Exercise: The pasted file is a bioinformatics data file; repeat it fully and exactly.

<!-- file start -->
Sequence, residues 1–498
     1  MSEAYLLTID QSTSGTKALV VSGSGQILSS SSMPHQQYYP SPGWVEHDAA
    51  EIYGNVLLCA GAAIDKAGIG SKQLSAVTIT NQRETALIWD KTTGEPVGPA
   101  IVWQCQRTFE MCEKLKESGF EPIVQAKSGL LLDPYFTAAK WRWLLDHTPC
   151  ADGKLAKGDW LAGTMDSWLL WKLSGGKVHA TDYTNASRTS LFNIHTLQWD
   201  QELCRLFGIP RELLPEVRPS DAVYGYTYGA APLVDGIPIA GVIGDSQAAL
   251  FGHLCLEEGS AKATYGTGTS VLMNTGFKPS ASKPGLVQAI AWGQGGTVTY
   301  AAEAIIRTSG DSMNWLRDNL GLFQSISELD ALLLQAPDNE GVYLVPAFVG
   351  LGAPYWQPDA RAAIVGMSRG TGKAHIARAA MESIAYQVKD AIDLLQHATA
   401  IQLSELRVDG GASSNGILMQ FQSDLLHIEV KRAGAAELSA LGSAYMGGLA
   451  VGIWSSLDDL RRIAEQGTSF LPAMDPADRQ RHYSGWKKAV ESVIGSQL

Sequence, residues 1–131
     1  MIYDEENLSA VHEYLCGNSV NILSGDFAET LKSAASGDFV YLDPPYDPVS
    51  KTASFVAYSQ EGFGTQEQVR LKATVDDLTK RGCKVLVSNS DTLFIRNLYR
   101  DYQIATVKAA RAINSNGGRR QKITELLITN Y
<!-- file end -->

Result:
Sequence, residues 1–498
     1  MSEAYLLTID QSTSGTKALV VSGSGQILSS SSMPHQQYYP SPGWVEHDAA
    51  EIYGNVLLCA GAAIDKAGIG SKQLSAVTIT NQRETALIWD KTTGEPVGPA
   101  IVWQCQRTFE MCEKLKESGF EPIVQAKSGL LLDPYFTAAK WRWLLDHTPC
   151  ADGKLAKGDW LAGTMDSWLL WKLSGGKVHA TDYTNASRTS LFNIHTLQWD
   201  QELCRLFGIP RELLPEVRPS DAVYGYTYGA APLVDGIPIA GVIGDSQAAL
   251  FGHLCLEEGS AKATYGTGTS VLMNTGFKPS ASKPGLVQAI AWGQGGTVTY
   301  AAEAIIRTSG DSMNWLRDNL GLFQSISELD ALLLQAPDNE GVYLVPAFVG
   351  LGAPYWQPDA RAAIVGMSRG TGKAHIARAA MESIAYQVKD AIDLLQHATA
   401  IQLSELRVDG GASSNGILMQ FQSDLLHIEV KRAGAAELSA LGSAYMGGLA
   451  VGIWSSLDDL RRIAEQGTSF LPAMDPADRQ RHYSGWKKAV ESVIGSQL

Sequence, residues 1–131
     1  MIYDEENLSA VHEYLCGNSV NILSGDFAET LKSAASGDFV YLDPPYDPVS
    51  KTASFVAYSQ EGFGTQEQVR LKATVDDLTK RGCKVLVSNS DTLFIRNLYR
   101  DYQIATVKAA RAINSNGGRR QKITELLITN Y